New tech for faster results

The Council for the Indian School Certificate Examinations has decided to implement new-age technological solution to speed up result publication and reduce recheck requests.

By PRIYA ABRAHAM in Bhubaneshwar
  • Published 21.11.15
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File picture of CISCE chief executive secretary Gerry Arathoon

Bhubaneswar, Nov. 20: The Council for the Indian School Certificate Examinations has decided to implement new-age technological solution to speed up result publication and reduce recheck requests.

This tech evaluation of answer sheets will help in publishing the results much ahead of schedule.

The council will introduce the line ink character recognition (LICR) technology wherein examiners will use digital pens to enter marks obtained by students in each subject on a tab. This will be automatically recorded in a server (cloud). Live Ink Character Recognition (LICR) solution is a method which uses character recognition technology and question paper rubrics to publish examination results in a given time frame.

"The council is the first in the country to implement this technology. It will help in reducing the time of evaluation and declaring results in the first week of May, thus advancing it by two weeks," said council secretary Gerry Arathoon.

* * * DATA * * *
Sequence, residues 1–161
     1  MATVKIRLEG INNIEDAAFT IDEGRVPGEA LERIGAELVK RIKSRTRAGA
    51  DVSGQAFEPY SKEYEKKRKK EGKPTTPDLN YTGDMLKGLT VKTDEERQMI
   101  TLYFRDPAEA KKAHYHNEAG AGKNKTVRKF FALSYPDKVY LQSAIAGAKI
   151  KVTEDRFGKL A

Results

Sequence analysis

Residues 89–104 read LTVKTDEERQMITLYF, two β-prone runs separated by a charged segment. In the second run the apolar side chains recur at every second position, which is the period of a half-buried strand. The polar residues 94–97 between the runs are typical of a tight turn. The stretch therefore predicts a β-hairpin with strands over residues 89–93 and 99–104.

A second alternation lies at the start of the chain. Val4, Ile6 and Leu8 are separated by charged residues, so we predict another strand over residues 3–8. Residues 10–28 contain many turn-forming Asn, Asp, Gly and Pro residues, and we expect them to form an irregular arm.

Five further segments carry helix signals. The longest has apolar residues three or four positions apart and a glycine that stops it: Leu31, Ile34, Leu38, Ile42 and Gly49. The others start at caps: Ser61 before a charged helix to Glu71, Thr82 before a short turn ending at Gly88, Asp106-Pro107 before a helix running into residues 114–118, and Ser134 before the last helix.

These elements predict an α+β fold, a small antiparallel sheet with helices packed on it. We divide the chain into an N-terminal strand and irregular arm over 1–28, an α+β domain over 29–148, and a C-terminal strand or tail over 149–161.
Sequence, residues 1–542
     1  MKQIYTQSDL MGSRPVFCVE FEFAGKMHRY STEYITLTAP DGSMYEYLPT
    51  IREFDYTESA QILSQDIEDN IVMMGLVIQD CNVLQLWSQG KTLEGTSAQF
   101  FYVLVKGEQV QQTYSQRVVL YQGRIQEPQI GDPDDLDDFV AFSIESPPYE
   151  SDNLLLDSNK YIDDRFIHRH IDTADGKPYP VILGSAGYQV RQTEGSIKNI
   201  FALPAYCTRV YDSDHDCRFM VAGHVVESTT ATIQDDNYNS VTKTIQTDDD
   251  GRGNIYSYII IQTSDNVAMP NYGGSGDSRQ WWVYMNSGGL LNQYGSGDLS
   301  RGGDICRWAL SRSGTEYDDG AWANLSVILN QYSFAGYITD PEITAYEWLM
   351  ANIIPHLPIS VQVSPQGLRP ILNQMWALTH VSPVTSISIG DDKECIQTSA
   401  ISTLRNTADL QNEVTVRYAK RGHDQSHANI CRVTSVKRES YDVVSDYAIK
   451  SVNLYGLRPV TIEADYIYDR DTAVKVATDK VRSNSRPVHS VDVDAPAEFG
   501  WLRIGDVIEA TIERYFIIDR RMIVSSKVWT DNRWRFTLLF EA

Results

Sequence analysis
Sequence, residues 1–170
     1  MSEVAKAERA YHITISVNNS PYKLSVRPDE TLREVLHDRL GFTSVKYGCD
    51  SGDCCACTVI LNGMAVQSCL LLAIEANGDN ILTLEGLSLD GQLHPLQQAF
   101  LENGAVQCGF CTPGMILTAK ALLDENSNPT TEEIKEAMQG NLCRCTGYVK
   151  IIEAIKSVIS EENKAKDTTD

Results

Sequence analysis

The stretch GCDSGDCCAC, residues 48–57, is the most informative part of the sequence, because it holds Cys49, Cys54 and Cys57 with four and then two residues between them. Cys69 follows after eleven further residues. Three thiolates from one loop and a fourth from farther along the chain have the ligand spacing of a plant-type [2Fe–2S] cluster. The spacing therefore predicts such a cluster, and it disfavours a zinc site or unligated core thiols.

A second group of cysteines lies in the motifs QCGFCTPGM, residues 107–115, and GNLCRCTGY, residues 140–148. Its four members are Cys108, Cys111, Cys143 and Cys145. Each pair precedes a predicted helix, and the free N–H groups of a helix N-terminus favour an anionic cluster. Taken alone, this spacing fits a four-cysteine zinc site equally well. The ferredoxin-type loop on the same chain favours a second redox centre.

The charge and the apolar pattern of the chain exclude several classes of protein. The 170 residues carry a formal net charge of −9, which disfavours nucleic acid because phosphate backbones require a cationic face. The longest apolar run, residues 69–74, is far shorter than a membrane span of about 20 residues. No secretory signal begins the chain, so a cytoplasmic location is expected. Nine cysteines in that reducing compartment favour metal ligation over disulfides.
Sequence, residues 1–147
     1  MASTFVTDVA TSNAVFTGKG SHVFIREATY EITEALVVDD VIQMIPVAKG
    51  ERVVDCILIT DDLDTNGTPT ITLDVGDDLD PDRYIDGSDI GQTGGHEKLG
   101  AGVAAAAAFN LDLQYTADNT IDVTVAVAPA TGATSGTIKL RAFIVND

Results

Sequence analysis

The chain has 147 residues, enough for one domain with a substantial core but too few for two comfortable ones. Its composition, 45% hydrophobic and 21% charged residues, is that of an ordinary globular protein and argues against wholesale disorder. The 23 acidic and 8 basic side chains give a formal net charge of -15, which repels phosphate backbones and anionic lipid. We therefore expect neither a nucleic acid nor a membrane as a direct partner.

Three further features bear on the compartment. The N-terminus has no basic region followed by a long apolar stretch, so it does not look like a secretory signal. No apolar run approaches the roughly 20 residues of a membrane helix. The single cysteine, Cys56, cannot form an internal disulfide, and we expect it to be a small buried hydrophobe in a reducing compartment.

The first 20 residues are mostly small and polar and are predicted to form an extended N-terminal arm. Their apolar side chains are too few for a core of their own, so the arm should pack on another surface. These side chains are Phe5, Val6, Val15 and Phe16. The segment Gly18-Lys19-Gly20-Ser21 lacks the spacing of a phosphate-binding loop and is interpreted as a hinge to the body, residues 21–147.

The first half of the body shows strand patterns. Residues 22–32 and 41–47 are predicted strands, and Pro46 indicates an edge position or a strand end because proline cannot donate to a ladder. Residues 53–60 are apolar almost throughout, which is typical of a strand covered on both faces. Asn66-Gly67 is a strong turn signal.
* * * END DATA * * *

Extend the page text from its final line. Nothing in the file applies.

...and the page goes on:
According to the new procedure, the examiners will use the LICR pen to fill in slots on the top sheet of answer script against each question. Subsequently, the question-wise marks, as well as the grand total obtained, will be transferred to the central servers of the council.

The council has already been successful in doing a pilot-run of the system during evaluation of the ISC and ICSE 2015 exams. It was found that this system could cut down the time taken to transfer accurately digitised marks to the council servers. The technology used for the purpose is not only secure and error free, but also requires no training for the examiners and will help the council make a detailed question-by-question performance-analysis of the results.

"The LICR pen works like any other pen. Therefore, teachers will not require any special training to use it. In fact, the technology will help the council publish results immediately after the answer scripts are evaluated," Arathoon said.

He was in town to attend the 58th annual general meeting of the Association of Schools for the Indian School Certificate.

This apart, the council is planning to go "paperless". "We are planning complete digitalisation from registration of candidates to accounts and publishing of results," said the top official.